It was almost too good to be true. A friend of my wife's told me about a new restaurant that was so badly managed it made Cipriani look like the Caprice. She and seven friends had sat down for dinner at 8.30pm and weren't served until 11.15pm. The mains arrived before the starters and, when they finally got the bill at 1.30am, not only had they been charged full price, but 12.5% had been added for service. To cap it all, this restaurant was in Shepherd's Bush, merely a stone's throw from my house.
Not one to pass up an opportunity like this, I trotted along to Chez Kristof, notebook in hand, eagerly anticipating a series of disasters. Just to make sure, I booked a table at 9.30pm on a Friday when I knew the staff would be at full stretch. Located on Hammersmith Grove, Chez Kristof is in a part of London that's starved of fashionable restaurants so there was no danger of it being half empty. Sure enough, when I got there every table was encircled by a party of noisy West Londoners and there was an unruly mob at the bar waiting to be seated. This promised to be a meltdown of legendary proportions.
Alas, nothing went wrong. The people on my right had to make do without any plates and the people on my left complained about being overcharged, but my meal went off without a hitch. I literally had to dig around in the back of my seat to try and find something to moan about and all I came up with were a couple of loose screws. I felt thoroughly cheated.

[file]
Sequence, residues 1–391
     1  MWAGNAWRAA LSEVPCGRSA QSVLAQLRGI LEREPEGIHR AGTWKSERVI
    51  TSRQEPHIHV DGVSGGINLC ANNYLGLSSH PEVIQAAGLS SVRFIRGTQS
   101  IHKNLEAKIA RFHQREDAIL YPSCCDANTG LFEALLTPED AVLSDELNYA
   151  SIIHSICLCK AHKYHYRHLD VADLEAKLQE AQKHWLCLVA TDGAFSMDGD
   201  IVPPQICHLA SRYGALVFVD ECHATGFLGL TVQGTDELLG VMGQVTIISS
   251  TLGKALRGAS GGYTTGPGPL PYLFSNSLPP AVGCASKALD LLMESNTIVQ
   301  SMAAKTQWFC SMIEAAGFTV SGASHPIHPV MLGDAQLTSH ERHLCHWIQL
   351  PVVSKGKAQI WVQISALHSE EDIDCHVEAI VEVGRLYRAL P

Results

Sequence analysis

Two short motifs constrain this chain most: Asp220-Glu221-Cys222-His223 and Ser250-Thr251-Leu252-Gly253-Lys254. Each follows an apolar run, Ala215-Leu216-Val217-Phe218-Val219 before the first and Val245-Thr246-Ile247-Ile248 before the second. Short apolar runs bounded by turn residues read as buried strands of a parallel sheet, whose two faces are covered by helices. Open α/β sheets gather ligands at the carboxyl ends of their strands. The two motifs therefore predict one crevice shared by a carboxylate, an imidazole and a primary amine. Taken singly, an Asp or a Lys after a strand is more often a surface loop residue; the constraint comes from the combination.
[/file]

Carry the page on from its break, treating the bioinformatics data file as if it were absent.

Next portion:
To tell the truth, even if something had gone wrong, it would have been difficult to take a dislike to this restaurant. It's the latest offering from Jan Woroniecki, the man behind Wodka and Baltic, and, whatever the shortcomings of the food at these establishments, he's a genius when it comes to atmosphere. Like Wodka and Baltic, Chez Kristof has a wonderfully louche, aristocratic air about it, as if the staff have just returned from an incredibly debauched house party at a stately home. They give the impression of being willing to tolerate almost any behaviour, however outlandish, provided it's carried off with enough style. As a critic, I feel obliged to return the favour.
The food is about as unpretentious as you can get and still be described as "French". It's served in iron skillets which, judging from their temperature, have just been removed from the oven. I had pigeon breast accompanied by lentils and bacon, while my companion, Derek Draper, had pork and peas. My waitress sweetly asked me what I thought of my main course and when I told her it was a little bland she said, "Well, that's lentils for you." You can't argue with that. Derek had more luck with his main course and neither of us had any complaints about our black pudding starters.
Chez Kristof is in the same site that used to be occupied by Maquis, Sam Clark's unsuccessful attempt to duplicate the success of Moro. Ironically, Maquis served almost exactly the same regional French cuisine as Chez Kristof, yet I've no doubt that this restaurant will succeed where Maquis failed. The truth is that when it comes to attracting a young, gregarious crowd, atmosphere is much more important than food and Chez Kristof already has the kind of buzzy ambience that 192 enjoyed at its height.
The interior is so basic, I couldn't tell if it's meant to look like this or whether it's simply unfinished. There are huge expanses of white space where you'd expect there to be some form of decoration. It may well be unfinished since it had only been open for two weeks. On the way back from the loo I took a wrong turn and ended up in a room full of building materials. However, the fact that it's impossible to tell is somehow in keeping with the relaxed, anything goes atmosphere. I daresay Jan Woroniecki has plans to decorate Chez Kristof eventually, but simply hasn't got round to it. I have a hunch that he'll have at least 20 years to procrastinate. Chez Kristof has the unmistakable smell of a West London fixture.